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Checking out the options: Self-service or Staffed?

Self-service checkouts have been with us at supermarkets for the past twenty years. But it seems that there is now a push for even more and shoppers feelings about them are mixed.

Tills in Tesco

 

Recently Pat McCarthy set up a petition against Tesco titled Tesco Stop The Replacement of People by Machines. She says “My local Tesco has inaccessible self-service tills with no staff which makes the shopping experience physically difficult and overwhelming.”

She goes on to say that at her mega-store (and probably all over the country), Tesco is bringing in new self-service and sort-it-yourself card only till machines. She says that they now make up 3/4 of the tills.

“These new tills are not accessible for people who don’t have credit cards and can only use cash or those with little confidence to use these self-service card-only tills – myself included. People such as carers, older people, disabled people with mobility problems or lifting problems have to queue waiting for more than 30 minutes.”

Others agree:

Pat doesn’t mind the self-service checkouts but she wants to see more people helping on them. She may have a point.

 

Let’s face it, they often go wrong or don’t accept what you want. “Unexpected item in the baggage area“, “assistance required“ and, of course, the best “ID required“ Because even though you’re 53 years of age someone needs to check you are old enough to buy wine!

Pat’s campaign started a Twitter conversation with the hashtag #BringBackTescoStaff.

Whilst I believe most people accept that technology moves on and self-service checkouts are probably here to stay, perhaps Covid has shown us that for many, the interaction with a real human being is important. For some people it’s the only face-to-face contact they have that day.

In 2022, supermarkets really should be looking at making their stores fully inclusive. No customer should be excluded from any service that other people can use.

 

Others feel that self-service checkouts should be embraced. Becky makes a good point:

 

Whilst there have always been changes like these that have ultimately put people out of jobs, the fact remains that these examples do not exclude people. Self-service checkouts can and do exclude people with disabilities. Likewise for vulnerable people, who might not have the confidence to use a self-service checkout or those who only use cash, where the machines are card only.

I was on Times Radio recently talking about self-service checkouts and the petition. Phil Williams asked a very interesting question. “Do you think Tesco will take any notice of this?“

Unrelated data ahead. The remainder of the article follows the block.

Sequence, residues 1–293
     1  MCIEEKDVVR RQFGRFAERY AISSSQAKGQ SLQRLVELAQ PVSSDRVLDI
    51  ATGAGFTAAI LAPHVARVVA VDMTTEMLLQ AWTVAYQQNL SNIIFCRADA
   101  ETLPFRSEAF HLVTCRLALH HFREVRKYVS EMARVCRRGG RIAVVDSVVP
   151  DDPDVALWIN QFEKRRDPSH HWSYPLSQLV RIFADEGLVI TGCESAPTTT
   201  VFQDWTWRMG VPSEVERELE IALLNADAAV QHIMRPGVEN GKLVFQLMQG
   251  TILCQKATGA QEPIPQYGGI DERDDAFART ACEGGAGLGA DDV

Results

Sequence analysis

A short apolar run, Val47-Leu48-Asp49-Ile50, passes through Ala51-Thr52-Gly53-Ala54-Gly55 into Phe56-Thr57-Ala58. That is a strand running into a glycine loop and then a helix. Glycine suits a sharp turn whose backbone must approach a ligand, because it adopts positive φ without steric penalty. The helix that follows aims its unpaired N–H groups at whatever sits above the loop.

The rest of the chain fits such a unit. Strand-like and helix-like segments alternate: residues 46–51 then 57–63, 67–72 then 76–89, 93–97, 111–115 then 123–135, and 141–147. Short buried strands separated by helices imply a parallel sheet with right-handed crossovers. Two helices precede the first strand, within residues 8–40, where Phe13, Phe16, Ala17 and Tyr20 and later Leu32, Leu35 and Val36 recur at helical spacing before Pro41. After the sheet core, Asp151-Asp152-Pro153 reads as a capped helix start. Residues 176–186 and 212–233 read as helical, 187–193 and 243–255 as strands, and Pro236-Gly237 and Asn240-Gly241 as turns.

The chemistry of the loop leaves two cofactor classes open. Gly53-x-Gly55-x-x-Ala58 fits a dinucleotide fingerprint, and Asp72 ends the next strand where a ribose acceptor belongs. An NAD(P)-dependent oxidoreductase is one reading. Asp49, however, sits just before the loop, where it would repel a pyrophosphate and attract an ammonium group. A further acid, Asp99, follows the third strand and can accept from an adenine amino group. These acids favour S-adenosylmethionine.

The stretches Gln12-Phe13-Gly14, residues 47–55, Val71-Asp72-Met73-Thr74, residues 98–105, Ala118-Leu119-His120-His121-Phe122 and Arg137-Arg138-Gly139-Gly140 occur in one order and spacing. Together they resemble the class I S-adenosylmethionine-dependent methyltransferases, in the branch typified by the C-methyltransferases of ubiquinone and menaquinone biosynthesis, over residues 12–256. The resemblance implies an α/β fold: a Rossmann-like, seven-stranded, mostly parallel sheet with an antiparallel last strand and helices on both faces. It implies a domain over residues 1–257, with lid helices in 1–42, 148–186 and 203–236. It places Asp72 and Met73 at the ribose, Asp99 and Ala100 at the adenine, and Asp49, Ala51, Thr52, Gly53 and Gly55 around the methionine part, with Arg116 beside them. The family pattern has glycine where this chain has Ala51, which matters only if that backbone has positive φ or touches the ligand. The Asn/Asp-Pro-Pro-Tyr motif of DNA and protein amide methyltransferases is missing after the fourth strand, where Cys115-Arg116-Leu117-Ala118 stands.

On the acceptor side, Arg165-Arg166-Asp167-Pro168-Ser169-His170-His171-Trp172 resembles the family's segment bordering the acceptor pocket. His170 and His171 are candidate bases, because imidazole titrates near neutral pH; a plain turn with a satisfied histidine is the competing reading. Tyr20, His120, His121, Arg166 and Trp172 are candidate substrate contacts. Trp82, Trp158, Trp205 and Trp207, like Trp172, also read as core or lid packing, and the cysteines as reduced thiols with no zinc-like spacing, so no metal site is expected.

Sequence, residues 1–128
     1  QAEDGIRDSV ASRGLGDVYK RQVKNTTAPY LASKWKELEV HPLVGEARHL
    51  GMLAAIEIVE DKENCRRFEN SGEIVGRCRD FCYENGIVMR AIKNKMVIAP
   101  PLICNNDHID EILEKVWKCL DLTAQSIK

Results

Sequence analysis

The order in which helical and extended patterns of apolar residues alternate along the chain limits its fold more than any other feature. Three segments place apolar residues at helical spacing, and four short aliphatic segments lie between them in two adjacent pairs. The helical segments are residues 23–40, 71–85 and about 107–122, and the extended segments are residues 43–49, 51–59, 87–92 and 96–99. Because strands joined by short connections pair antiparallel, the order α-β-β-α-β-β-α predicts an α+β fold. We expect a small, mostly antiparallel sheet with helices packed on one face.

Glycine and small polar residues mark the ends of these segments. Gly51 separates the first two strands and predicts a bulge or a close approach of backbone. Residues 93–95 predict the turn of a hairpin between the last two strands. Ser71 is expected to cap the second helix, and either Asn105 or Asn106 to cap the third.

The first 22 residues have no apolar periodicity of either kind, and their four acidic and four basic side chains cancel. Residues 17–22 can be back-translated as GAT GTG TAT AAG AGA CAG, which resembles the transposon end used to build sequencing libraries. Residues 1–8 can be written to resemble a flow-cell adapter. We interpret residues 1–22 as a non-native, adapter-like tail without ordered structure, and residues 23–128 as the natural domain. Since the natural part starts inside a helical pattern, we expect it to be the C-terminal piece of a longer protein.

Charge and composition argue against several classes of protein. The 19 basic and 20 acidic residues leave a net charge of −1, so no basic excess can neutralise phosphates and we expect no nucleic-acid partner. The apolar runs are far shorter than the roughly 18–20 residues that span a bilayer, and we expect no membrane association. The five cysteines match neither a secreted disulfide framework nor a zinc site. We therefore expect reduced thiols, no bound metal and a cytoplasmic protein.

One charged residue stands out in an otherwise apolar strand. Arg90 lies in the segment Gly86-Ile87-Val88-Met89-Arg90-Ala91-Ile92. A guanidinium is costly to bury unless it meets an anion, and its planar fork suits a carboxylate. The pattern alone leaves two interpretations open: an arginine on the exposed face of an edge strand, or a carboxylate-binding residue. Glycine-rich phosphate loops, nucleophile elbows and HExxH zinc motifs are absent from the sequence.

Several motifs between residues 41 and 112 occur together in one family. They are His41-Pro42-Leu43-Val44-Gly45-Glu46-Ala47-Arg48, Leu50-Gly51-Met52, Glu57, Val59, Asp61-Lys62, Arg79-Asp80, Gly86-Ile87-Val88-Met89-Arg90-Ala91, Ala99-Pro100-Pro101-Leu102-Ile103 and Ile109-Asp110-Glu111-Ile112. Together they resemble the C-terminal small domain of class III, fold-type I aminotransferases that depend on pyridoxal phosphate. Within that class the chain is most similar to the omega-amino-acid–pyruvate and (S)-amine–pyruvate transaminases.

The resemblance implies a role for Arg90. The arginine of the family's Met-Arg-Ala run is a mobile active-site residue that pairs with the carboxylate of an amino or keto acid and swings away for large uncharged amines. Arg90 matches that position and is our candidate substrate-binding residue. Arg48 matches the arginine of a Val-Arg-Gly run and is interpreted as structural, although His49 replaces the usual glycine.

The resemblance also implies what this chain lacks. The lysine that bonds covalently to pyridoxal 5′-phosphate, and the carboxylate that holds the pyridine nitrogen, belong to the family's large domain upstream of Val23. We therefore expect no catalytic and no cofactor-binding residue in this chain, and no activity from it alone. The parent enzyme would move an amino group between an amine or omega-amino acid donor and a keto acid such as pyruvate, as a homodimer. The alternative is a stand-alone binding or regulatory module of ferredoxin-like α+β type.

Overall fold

The petition was at 100,000 signatures gained in two weeks before it got any media coverage in a Daily Mail article, which then went on to get more than 9000 shares.  A few hours after media coverage started it had reached another 7000. At the point of publishing this post it was at 119.685.

I don’t think Tesco will be too worried. But they and other supermarkets may well keep an eye on it.

Their statement suggests that they are not worried, given that it does not address any of the issues raised. A Tesco spokesperson said “Our colleagues and the friendly service they provide are absolutely vital to our stores and will always be on hand to help our customers, whether they are checking out at one of our colleague-operated or self-service checkouts. We first introduced self-service checkouts nearly 20 years ago to give our customers a choice and our stores have both types of checkouts.”

I believe the main issue for supermarkets is having enough staff on hand to help if things go wrong. By increasing the number of self-service checkouts, they will need to add staff to help with the increased number of issues.

In 2015 Morrisons announced that it was to reintroduce 1,000 staffed Express Checkouts for quick personal service.

The BBC article Tesco shopper’s plea to bring back till staff also picked up on the Pat McCathy case and provides other examples of shoppers who prefer to deal with real people.

Adam Leyland, editor of The Grocer magazine, is quoted in this article, saying: “On my High Street, the new Amazon Fresh store with the fancy just-walk-out tech is always empty, whereas the new deli, four doors down employs six to eight people on each shift and is rammed to the gills.

“It shows that many shoppers still value great customer service and human interaction and technology won’t always win. So supermarkets will need to listen hard as the market evolves and cater for all needs.”

This is what I think supermarkets really need to keep an eye on. As with so many aspects of retail, it’s all part and parcel of customer service. Customers are clearly demonstrating that they want choice. Some may want self-service, some may want an assistant, some want a mix of both. But one thing is clear, they simply want good service. And that means more staff on hand at the self-service checkouts.

 

 

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By Helen Dewdney, The Complaining Cow

Consultant | Author | Speaker | Blogger | Presenter | Journalist
Helping to make, prevent and deal with complaints

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